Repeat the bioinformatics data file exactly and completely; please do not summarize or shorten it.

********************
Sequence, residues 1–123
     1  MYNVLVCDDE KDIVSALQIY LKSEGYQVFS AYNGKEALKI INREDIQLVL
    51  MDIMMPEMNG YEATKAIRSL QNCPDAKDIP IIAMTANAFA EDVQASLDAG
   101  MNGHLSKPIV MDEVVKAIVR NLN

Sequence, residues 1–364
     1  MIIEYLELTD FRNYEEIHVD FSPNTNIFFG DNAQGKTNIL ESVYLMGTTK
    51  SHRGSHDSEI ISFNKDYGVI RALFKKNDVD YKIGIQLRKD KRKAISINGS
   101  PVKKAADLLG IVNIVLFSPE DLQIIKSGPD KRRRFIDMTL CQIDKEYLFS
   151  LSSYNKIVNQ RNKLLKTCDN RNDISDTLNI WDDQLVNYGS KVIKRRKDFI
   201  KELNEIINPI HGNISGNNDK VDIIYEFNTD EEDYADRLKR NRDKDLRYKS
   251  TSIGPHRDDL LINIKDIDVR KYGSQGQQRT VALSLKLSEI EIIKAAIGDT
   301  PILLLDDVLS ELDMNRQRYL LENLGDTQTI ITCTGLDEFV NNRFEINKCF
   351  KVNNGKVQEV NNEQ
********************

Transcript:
Sequence, residues 1–123
     1  MYNVLVCDDE KDIVSALQIY LKSEGYQVFS AYNGKEALKI INREDIQLVL
    51  MDIMMPEMNG YEATKAIRSL QNCPDAKDIP IIAMTANAFA EDVQASLDAG
   101  MNGHLSKPIV MDEVVKAIVR NLN

Sequence, residues 1–364
     1  MIIEYLELTD FRNYEEIHVD FSPNTNIFFG DNAQGKTNIL ESVYLMGTTK
    51  SHRGSHDSEI ISFNKDYGVI RALFKKNDVD YKIGIQLRKD KRKAISINGS
   101  PVKKAADLLG IVNIVLFSPE DLQIIKSGPD KRRRFIDMTL CQIDKEYLFS
   151  LSSYNKIVNQ RNKLLKTCDN RNDISDTLNI WDDQLVNYGS KVIKRRKDFI
   201  KELNEIINPI HGNISGNNDK VDIIYEFNTD EEDYADRLKR NRDKDLRYKS
   251  TSIGPHRDDL LINIKDIDVR KYGSQGQQRT VALSLKLSEI EIIKAAIGDT
   301  PILLLDDVLS ELDMNRQRYL LENLGDTQTI ITCTGLDEFV NNRFEINKCF
   351  KVNNGKVQEV NNEQ